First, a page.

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Bruno: Beware Sacha Baron Cohen's Squirm Zone

Photo of Anne Thompson By Anne Thompson | Thompson on Hollywood June 30, 2009 at 5:29AM

In many ways watching Sacha Baron Cohen promote his new movie Bruno, from his GQ layout and MTV Awards Eminem stunt to the series of global premiere stunts, from London to L.A. to Sydney, is more fun than the movie itself. While his performance art gives us a bit of distance, in the movie Larry Charles and Baron Cohen push audiences way past their comfort zones. No matter how sophisticated or tough you think you are--straight, gay, male, female, young, old--it doesn't matter. Something in the movie will make you squirm. (Here's Todd McCarthy.)
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In many ways watching Sacha Baron Cohen promote his new movie Bruno, from his GQ layout and MTV Awards Eminem stunt to the series of global premiere stunts, from London to L.A. to Sydney, is more fun than the movie itself. While his performance art gives us a bit of distance, in the movie Larry Charles and Baron Cohen push audiences way past their comfort zones. No matter how sophisticated or tough you think you are--straight, gay, male, female, young, old--it doesn't matter. Something in the movie will make you squirm. (Here's Todd McCarthy.)

Me? [SPOILER ALERT] I had less trouble with simulated gay sex between Bruno and his diminutive boyfriend, complete with various accessories and black squares covering penetration, than I did with a sequence at a real swingers party that ends with a giant nipple-ringed dominatrix whipping Baron Cohen as Bruno (he flees, naked, into the night). That, Charles told me, was real. And the MPAA granted this movie an R-rating--thanks to various snips and black squares over private parts (shades of Eyes Wide Shut). One Universal exec admitted that those squares had to be made bigger to get the R-rating and definitely made the images more, not less, disturbing.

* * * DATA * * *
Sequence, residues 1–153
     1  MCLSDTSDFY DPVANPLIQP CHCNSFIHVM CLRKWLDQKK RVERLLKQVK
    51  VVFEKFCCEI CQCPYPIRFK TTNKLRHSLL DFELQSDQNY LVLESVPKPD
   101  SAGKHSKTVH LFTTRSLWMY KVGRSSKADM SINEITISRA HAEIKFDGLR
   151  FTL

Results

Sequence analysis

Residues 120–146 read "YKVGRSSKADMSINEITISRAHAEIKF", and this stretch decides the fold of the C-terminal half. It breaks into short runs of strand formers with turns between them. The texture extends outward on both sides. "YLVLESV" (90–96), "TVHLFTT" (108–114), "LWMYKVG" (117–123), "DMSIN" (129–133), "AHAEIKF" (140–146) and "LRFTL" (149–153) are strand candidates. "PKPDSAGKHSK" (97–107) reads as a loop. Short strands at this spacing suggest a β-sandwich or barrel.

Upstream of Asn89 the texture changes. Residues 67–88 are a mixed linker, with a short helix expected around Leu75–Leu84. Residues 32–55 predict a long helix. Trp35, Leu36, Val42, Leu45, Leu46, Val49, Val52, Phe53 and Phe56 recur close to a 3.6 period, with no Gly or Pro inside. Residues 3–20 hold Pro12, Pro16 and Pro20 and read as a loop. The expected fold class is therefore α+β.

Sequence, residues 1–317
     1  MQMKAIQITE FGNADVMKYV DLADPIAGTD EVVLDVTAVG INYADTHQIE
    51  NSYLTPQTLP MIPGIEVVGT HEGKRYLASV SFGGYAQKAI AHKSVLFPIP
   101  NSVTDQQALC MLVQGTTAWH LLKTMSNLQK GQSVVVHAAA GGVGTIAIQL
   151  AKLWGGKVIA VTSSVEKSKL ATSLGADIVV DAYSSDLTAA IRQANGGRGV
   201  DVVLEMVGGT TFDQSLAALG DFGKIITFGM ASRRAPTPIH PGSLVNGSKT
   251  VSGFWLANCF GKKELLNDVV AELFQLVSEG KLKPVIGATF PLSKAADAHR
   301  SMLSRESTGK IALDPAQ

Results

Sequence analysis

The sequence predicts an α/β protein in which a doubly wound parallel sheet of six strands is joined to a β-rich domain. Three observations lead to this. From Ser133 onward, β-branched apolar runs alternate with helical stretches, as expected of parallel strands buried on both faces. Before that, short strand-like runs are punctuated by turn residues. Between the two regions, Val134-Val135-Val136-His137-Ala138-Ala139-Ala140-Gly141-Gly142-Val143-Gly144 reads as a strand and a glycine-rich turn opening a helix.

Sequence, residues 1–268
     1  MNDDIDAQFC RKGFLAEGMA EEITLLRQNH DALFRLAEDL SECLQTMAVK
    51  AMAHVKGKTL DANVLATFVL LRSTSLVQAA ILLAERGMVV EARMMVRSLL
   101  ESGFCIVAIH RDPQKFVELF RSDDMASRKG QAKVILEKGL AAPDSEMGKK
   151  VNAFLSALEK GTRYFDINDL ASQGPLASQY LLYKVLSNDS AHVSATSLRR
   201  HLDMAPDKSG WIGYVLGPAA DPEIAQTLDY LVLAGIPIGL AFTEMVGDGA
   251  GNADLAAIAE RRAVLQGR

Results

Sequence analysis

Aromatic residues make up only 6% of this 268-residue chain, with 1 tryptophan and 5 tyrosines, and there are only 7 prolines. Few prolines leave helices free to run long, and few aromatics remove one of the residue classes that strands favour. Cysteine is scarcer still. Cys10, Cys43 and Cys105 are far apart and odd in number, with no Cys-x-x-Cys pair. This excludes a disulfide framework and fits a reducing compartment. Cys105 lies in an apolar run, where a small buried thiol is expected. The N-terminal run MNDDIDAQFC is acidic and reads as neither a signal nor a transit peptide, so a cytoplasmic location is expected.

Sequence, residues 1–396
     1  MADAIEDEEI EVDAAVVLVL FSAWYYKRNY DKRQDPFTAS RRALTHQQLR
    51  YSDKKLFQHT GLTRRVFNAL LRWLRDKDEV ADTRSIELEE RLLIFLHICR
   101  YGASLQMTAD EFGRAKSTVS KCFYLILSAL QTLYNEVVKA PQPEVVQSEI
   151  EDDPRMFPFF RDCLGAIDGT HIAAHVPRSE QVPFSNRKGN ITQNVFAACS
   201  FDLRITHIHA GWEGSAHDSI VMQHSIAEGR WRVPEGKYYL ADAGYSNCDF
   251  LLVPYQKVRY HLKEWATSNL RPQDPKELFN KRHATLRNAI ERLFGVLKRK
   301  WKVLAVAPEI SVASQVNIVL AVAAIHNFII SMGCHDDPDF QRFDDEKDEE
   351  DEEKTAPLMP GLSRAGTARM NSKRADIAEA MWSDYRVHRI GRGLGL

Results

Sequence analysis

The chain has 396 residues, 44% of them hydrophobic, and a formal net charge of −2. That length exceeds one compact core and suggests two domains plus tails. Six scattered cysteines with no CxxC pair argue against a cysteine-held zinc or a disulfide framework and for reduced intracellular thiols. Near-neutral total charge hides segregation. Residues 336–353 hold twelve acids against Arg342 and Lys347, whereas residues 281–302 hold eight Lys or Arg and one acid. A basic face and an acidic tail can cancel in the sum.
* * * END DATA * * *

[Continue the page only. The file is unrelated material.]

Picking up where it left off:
If ever a movie has earned an NC-17 rating, this is it. Now that I've seen Bruno, which is politically incorrect, button-pushing, brilliant, diabolical, provocative, challenging and often very funny, I understand the reactions I've been getting: not, "you have to see this," "it's hilarious" or "it's going to be huge."

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People tend to talk in subdued, muted terms about how the movie made them feel: uncomfortable. And that sort of word-of-mouth--despite whatever opening Universal manages to muster with its superb global marketing and awareness--will tamp down Bruno's potential box office. Of course, even if we Puritan Americans resist Bruno's crude charms, the rest of the world may embrace them. (Not so sure.)

When Bruno struts a rakish short-shorts Hasidic outfit in Israel and an outraged Jew chases him down the street, you watch with a mix of amusement and horror. For one thing, Baron Cohen demanded a reaction, and got it. He was fearless. He was in danger of starting a riot and had to run for his life (a shopkeeper had to harbor him until he could sneak into one of many getaway cars used during the shoot). The LAT's John Horn quotes Universal's Bruno production notes on how much danger the filmmakers courted while making Bruno. What will the adrenaline junkie do next to top this?

This article is related to: Box Office, Headliners, Genres, comedy


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Thompson on Hollywood

Born and raised in Manhattan, Anne Thompson grew up going to the Thalia and The New Yorker and wound up at grad Cinema Studies at NYU. She worked at United Artists and Film Comment before heading west as that magazine's west coast editor. She wrote for the LA Weekly, Sight and Sound, Empire, The New York Times and Entertainment Weekly before serving as West Coast Editor of Premiere. She wrote for The Washington Post, The London Observer, Wired, More, and Vanity Fair, and did staff stints at The Hollywood Reporter and Variety. She eventually took her blog Thompson on Hollywood to Indiewire. She taught film criticism at USC Critical Studies, and continues to host the fall semester of “Sneak Previews” for UCLA Extension.